About This Chapter
Population Evolution - Chapter Summary
Populations of most species evolve over time to adapt to environmental and biological changes. Discover what genetic and ecological factors initiate evolutionary changes among species populations in these brief but engaging lessons. This chapter also explores how to use the Hardy Weinberg Equilibrium equation to determine if a species population is or is not in equilibrium and/or changing. Additionally, you can use this chapter to further investigate:
- Microevolution causes such as natural selection, gene flow and genetic drift
- The necessity of gene pool diversity for a species' survival
- Biological influences on mating selection and male competition
- Benefits of adaptation when organisms are faced with environmental changes
Once you've thoroughly reviewed the concepts featured in this chapter, utilize the lesson quizzes and chapter exam to assess your comprehension of the material. Each quiz contains embedded links that take you directly to specific topics within the lesson so you can quickly and easily review only the information you need to. You can also print the quiz worksheets and full transcripts for any of the video lessons for hard-copy study material. Expert instructors are also available to answer any questions you may have on the material.
1. Causes of Microevolution: Natural Selection, Gene Flow & Genetic Drift
Environments are dynamic, which causes populations to be as well. In this lesson, you'll learn about microevolution, as well as the mechanisms behind it that cause changes in allele frequencies within populations.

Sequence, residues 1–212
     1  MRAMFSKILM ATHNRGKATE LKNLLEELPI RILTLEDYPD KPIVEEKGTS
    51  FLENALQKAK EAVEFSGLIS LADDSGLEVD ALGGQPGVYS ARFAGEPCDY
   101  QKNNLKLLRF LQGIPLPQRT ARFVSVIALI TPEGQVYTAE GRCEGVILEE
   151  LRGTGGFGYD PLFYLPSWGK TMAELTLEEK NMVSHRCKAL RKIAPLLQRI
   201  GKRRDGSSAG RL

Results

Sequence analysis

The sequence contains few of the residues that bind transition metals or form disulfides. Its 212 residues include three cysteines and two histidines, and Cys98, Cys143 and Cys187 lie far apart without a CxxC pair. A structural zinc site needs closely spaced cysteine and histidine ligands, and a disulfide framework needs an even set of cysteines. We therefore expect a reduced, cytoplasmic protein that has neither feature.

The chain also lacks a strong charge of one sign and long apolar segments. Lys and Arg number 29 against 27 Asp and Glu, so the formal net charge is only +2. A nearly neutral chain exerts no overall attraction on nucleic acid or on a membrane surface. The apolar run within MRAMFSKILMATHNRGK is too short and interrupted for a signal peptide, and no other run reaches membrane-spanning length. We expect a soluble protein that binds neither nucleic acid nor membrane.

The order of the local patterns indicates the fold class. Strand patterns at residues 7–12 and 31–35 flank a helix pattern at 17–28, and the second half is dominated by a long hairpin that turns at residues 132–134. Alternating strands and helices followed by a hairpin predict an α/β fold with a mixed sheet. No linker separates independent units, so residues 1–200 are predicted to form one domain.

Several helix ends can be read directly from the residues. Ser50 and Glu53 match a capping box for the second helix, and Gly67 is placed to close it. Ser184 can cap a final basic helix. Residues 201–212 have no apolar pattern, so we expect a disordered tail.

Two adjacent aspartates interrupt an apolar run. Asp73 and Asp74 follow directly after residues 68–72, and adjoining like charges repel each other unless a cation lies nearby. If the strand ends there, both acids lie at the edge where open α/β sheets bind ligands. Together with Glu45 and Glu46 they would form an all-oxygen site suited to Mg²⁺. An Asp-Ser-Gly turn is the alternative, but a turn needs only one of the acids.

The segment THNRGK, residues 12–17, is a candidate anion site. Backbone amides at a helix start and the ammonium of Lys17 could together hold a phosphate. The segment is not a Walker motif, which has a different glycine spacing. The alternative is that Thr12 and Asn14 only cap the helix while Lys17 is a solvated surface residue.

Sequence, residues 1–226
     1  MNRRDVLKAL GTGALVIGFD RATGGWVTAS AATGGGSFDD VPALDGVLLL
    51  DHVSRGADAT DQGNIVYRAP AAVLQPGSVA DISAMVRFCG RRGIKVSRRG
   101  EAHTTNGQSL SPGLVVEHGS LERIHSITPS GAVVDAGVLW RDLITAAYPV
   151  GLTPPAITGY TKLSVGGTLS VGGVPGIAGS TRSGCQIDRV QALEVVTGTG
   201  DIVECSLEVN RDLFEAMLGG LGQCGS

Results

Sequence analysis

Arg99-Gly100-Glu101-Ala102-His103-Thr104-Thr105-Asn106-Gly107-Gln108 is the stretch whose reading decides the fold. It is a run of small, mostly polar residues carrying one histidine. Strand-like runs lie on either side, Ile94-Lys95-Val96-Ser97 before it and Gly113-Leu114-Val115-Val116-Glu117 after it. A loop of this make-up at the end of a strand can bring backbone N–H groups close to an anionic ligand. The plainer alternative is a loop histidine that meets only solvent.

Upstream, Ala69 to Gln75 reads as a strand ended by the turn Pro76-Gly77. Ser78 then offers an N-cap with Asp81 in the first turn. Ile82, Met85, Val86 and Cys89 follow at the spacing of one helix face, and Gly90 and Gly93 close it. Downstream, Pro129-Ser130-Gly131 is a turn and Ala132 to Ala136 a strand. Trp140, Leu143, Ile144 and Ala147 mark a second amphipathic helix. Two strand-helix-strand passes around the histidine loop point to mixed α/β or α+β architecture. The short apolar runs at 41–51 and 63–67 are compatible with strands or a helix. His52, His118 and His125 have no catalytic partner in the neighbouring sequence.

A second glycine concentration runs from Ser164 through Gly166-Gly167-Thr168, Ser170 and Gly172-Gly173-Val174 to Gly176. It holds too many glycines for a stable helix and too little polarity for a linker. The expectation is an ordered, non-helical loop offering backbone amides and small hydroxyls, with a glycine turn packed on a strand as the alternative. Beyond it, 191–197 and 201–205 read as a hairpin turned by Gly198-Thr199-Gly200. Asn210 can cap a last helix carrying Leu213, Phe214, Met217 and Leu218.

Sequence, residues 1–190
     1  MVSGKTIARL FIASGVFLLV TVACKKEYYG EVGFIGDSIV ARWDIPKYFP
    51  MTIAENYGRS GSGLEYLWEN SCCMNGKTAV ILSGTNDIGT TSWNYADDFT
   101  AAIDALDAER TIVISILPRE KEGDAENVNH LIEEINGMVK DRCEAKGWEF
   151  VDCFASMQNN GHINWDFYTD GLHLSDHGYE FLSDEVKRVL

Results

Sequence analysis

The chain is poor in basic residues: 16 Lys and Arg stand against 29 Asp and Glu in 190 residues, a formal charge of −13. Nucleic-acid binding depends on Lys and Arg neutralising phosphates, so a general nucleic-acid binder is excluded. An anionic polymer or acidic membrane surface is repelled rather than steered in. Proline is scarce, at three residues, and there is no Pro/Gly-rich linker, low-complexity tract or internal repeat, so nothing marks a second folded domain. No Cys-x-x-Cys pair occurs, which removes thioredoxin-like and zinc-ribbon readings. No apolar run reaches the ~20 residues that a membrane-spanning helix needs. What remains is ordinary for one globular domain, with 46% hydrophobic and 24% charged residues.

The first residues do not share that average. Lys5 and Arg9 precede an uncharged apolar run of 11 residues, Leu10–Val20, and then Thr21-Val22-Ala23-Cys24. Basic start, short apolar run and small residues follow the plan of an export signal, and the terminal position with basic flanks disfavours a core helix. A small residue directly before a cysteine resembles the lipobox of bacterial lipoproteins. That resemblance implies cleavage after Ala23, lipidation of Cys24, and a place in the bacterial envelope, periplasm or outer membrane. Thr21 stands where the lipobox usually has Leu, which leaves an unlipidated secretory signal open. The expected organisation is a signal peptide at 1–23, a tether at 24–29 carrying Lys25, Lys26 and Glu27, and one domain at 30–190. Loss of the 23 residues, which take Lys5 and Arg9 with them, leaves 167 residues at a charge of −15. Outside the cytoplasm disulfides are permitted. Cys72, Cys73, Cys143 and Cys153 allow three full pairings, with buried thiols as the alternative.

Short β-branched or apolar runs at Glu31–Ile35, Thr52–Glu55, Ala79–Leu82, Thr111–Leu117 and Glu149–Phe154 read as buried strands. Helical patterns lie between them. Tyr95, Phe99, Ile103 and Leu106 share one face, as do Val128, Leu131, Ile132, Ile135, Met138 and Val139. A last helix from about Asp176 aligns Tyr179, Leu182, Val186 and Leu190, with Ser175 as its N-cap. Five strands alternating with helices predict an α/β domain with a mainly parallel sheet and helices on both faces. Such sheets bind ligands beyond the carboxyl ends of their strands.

2. Hardy-Weinberg Equilibrium I: Overview
In this lesson, we'll examine population genetics in greater detail. We'll also explore notions of Hardy-Weinberg equilibrium for large, stable populations. Is the genetic makeup of our flying hamster population changing? The Hardy-Weinberg equilibrium can serve as a reference point as we try to answer population genetics questions.
3. Hardy-Weinberg Equilibrium II: The Equation
The Hardy-Weinberg equilibrium equation is represented by a polynomial, so we'll have to do some calculations. Don't be intimidated; a few coin tosses can help us make sense of allelic frequencies in a given gene pool.
4. Hardy-Weinberg Equilibrium III: Evolutionary Agents
In this lesson, you'll learn how the Hardy-Weinberg equation relates to different evolutionary agents and population changes. Discover how the equation may be used to discover populations that are not in equilibrium.
5. How Gene Pool Diversity Affects a Group's Survival Potential
Humans are genetically the same yet very different. These differences are important, not just for humans but for all species because it makes it possible for populations to adapt to changing environmental conditions, which is essential to their survival.
6. Animal Mating Systems, Mate Choice, Sexual Selection & Male Competition
Choosing a mate is the single most important thing that most animals will do for the continuation of their species. In this lesson, we look at what goes into mate selection, as well as how that biology may influence who we fall for.
7. Environmental Changes & Adaptation in Organisms
In this lesson, we will discuss what happens when an organism is forced to deal with environmental changes. You will learn what adaptation is and how organisms benefit from it.
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- Gene Mutations
- DNA and Technology
- The Origin and History of Life On Earth
- The Theory of Evolution
- Natural and Artificial Selection
- Organism Classification & Phylogenesis
- Ecological Systems and the Environment
- Ecological Relationships and Species Populations
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- Methods of Scientific Research
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- Famous Biologists and Their Impact on Society
- About the STARR Tests
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